Cause: Putting fencing up around ponds or rivers
Effect: Keeps livestock from getting into the water and helps keep the water clean
Student Page 6 (Science, Social Studies, Health)
- Why is eating well so important? (Our bodies thrive on good food and do not benefit from non-nutritious choices. Good nutrition helps our bodies stay strong and well. The body you have now is the only one you will ever have. Do your best to keep it healthy!)
- What are some ways you can eat more healthfully? (Follow MyPlate, eat more fresh fruits and vegetables, cut down on things like sugar and fried foods, eat lean proteins)
- Is your school using locally grown food in its food service program? Use the U.S. Department of Agriculture (USDA) Farm to School Census Data to find out. You can search by state and school district at: http://www.fns.usda.gov/farmtoschool/census#/map
- Where in your community can you find locally grown foods? Are there farm markets or farm stands? Do local grocery stores sell local foods?
Have students examine one meal from your school's lunch menu(s). Have them use lunch menu items to create their own "MyPlate" by adding the items to the correct column (for example, carrot sticks under Vegetables).
Student Page 7 (Science, History, Social Studies)
- How can the scientific and technological advances in agriculture benefit farmers? Consumers? (Farmers can be more efficient with their time. Some technology tools and advancements in crop production allow for lower levels of pesticides and herbicides to be used. Farmers are able to use science and research in seed and plant development to increase their yields (amount of the crop produced). The living conditions for livestock animals (temperature, light, space, etc.) can be optimized so the animals produce more milk, eggs, wool, etc. Consumers have a greater quantity and variety of food products to select from.)
- Today Minnesota welcomes immigrants and refugees from Asia, Africa, Europe, Mexico, and many other countries. Regardless of where their journey began, these newcomers bring foods and traditions that enrich us all. What foods have you eaten that came to us from other countries? Think Mexico, China, Japan, Vietnam and other Southeast Asian countries, Somalia, and Europe. What foods did your ancestors bring from their homelands?
- Why is it important for young people to be involved in agriculture and farming? (Agriculture is the giant lifeline that feeds, clothes, and shelters the world. Each generation depends on farmers to provide these things, all needed for survival.)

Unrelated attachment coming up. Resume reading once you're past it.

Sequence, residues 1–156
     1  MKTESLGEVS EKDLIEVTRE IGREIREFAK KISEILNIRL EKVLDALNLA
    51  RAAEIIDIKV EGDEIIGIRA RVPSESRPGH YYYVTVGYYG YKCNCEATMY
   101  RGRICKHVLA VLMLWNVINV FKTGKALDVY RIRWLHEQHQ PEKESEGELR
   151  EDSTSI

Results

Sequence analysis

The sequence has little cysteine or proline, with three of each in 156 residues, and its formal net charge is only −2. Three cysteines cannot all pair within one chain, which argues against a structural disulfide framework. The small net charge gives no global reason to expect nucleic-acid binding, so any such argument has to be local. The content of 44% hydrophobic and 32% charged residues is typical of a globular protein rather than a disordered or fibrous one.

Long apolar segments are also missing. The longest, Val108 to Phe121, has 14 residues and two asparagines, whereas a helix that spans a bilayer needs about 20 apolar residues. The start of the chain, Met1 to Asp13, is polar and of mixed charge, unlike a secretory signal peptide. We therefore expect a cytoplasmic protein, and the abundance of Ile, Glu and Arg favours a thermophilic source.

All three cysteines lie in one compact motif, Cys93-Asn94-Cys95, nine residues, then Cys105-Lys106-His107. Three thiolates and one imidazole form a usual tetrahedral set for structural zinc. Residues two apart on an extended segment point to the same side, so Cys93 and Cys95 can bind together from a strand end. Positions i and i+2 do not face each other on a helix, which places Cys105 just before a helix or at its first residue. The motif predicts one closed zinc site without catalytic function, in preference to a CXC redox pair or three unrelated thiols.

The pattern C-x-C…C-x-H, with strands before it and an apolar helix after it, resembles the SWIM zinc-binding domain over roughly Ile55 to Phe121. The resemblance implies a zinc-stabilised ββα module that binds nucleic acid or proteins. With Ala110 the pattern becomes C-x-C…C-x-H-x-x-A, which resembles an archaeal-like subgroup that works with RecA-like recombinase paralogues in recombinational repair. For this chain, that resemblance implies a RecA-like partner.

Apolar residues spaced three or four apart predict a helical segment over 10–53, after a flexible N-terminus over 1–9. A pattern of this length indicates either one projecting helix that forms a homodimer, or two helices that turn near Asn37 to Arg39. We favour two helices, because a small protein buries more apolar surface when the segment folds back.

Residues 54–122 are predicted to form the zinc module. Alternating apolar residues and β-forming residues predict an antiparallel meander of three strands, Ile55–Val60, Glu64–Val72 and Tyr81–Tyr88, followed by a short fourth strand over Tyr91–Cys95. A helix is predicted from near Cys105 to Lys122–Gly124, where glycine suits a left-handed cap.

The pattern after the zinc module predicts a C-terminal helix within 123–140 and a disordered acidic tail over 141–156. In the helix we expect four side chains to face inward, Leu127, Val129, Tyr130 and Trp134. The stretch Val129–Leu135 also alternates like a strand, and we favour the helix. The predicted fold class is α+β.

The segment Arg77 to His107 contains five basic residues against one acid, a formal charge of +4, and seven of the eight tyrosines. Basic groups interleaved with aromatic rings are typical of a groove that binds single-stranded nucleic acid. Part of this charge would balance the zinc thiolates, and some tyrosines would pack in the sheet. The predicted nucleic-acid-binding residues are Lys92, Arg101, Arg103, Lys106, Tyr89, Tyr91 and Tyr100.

- Imagine you want to be a farmer. What would you need to learn in order to run a farm? To grow crops? To raise livestock? Who could teach you these things? How would you get money to buy or rent land and equipment? (Many young people get their start in farming because they grow up in farm families, learning from parents and grandparents. They may take over family farms when older generations retire. High school and college courses help, too. The University of Minnesota and many other schools have programs for people who want to study agriculture or become farmers. See the University of Minnesota's College of Food, Agricultural and Natural Sciences [CFANS] at www.cfans.umn.edu. For a list of schools all around Minnesota offering courses in agriculture, natural resources and related fields, see www.schoolchoices.org/colleges/in/minnesota/field/1.)
Student Page 8
Nutrients for Soil
- Why does soil need nutrients? (to provide nutrition for plants so they can provide nutrient rich food for animals and people)
- What kinds of things can be composted? (Many foods and food peels/rinds, coffee grounds and tea leaves, grass clippings, dead plants, dryer lint, hair, products that naturally decompose, like paper and cardboard)
- What kinds of things should not be composted? (Meat, bones, grease or oil [they attract pests and don't break down well]; pet droppings [can contaminate the compost with bacteria]; coal or charcoal ashes [may contain materials that are toxic to plants]
Apple core: Green
Dried leaves: Brown
Straw or hay: Brown
Grass clippings: Brown
Wood chips: Brown
Potato peel: Green
Melon rind: Green
For 7 Generations
What do you think this meant?
Potential answers: Think how what you do will affect people many years from now; take care of the earth; think long-term
How would thinking like this make a difference in what we do to the environment today?
Potential answers: Discussion of caring for our natural resources
Are You Water Wise? [reproducible]
3. Surface water
Minnesota's water borders include the Red, Rainy, Mississippi, St. Louis, Bois de Sioux, Pigeon and St. Croix Rivers, and Lake Superior. Our borders with Canada also include boundary waters.